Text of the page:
The good news is, we are evolving (thank God) and that our evolution, if we’re smart about it, will take us toward being more human and less animal. You may have noticed that most of us are really bad at being animals. Many of us care about harming others. We extend our “us” net ever wider and concern ourselves with the welfare of those of “us” we have not even met. We are concerned about the care of the animals we eat. We are conscious of not using up our resources (with, alas, notable exceptions). We view the sort of animal behavior exhibited by wolves or hyenas or even primates as heinous when exhibited by a person. We put some people who behave like animals in cages.
To be sure, there are advocates for the idea that we should throw off all those chains of limitation, which are thought to be superimposed on us artificially by Religion (and, yes, this idea does run into immediate conflict with the competing idea that Religion is a human invention, but that’s a different discussion.) Most human beings recognize that, as Bahá’u’lláh puts it,
All men have been created to carry forward an ever-advancing civilization. The Almighty beareth Me witness: To act like the beasts of the field is unworthy of man. Those virtues that befit his dignity are forbearance, mercy, compassion and loving-kindness towards all the peoples and kindreds of the earth. (Gleanings CIX)
Humanity is at a sort of tipping point here—poised on the brink of adulthood, but still pimply and rebellious. This country, specifically, was born in rebellion and the rebellion had a huge materialistic component. Many of the freedoms our forefathers fought for had to do with what they would be allowed to take from the people who already lived here. They rebelled against the Motherland’s insistence that treaties be observed and that we conduct our relations with the native peoples with civilized decorum. They wanted land, resources, wealth and freedom to acquire those things, and they determined that competing with the First Nations for it was fair and fine and God’s will because they were materially and technologically superior.
We are competitive and acquisitive. We are taught that wanting stuff and doing whatever it takes to get it is virtuous. But that belief quickly comes into conflict with other things we also claim to believe—the Golden Rule, that we are not mere animals, but are created in God’s spiritual image, that we should be supportive and caring of each other as Bahá’u’lláh and every other Claimant to the station of Prophethood has proposed. The tension between these diametrically opposed ideas about human identity creates conflict on just about every level of human existence.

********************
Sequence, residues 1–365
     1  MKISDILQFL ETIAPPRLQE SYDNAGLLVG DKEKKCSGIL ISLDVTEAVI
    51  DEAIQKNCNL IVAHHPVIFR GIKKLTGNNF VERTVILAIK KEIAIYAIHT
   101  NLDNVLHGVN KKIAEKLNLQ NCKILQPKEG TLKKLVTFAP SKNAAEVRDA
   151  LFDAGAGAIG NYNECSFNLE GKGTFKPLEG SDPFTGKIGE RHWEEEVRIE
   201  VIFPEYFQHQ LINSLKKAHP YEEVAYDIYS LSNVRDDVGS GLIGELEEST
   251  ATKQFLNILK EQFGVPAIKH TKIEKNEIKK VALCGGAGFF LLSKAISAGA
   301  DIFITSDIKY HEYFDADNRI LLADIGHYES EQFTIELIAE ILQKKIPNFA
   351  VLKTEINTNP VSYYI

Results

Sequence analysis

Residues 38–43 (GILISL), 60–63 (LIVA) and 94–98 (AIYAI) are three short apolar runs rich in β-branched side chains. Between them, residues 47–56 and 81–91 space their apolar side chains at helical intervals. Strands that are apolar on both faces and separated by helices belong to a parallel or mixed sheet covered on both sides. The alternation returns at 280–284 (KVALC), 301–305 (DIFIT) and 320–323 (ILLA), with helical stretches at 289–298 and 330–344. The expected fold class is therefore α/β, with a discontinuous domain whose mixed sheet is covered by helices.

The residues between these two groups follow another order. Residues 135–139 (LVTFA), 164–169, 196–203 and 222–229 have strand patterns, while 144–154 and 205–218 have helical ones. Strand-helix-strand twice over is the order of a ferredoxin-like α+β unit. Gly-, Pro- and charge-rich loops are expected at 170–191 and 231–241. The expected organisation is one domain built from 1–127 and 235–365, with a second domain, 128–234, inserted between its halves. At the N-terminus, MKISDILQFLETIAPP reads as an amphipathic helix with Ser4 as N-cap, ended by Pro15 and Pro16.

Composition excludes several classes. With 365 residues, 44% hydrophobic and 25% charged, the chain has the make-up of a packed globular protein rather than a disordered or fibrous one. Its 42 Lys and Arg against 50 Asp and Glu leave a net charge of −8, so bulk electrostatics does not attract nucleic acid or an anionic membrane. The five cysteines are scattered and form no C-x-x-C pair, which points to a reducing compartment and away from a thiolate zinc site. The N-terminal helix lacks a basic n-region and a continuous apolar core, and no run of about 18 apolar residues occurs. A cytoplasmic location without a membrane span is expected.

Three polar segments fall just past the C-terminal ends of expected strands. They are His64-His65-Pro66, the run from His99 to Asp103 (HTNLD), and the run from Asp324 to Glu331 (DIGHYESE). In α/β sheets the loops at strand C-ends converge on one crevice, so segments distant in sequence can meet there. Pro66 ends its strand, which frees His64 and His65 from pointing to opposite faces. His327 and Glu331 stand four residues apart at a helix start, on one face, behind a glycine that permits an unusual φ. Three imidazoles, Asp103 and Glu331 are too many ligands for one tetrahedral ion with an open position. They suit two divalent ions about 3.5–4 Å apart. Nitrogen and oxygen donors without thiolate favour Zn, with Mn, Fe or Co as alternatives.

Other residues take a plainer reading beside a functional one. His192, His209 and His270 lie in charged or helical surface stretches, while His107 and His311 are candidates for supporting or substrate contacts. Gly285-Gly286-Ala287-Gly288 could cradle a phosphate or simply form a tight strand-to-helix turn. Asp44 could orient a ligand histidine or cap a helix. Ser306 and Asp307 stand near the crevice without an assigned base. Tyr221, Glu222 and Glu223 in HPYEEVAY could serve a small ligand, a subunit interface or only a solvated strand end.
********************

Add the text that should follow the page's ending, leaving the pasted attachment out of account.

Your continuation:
When that conflict erupts, humans express it using whatever tools are at hand. On an institutional level we use resources, politics, fear, hatred, prejudice and ignorance to achieve sometimes ill-defined goals that boil down to control of the herd. We even use what many of us claim to believe is sacred—religion—to accomplish these things. On an individual level, we will use fists, baseball bats, hockey sticks, legal maneuvers and guns when someone stands between us and something we want or trespasses on our turf (physically, emotionally or intellectually) or offends our sense of identity.
Here’s the reality: without the guns, far fewer people would die. This is obvious, and the reasons for it should be obvious, as well. Just the logistics of time and distance alone would mitigate the circumstances that lead to homicide. Killing someone in close contact is not easy. It’s messy. It takes time and effort and sustained and overwhelming rage or a cold detachment from the suffering of another human being. The sense of gratification for causing suffering must outweigh the danger, the effort, conscience, fear of being caught. Guns make it easy to kill in a highly impersonal way from a great distance. Murder becomes as simple as point and click. No muss, no fuss, no blood on one’s hands.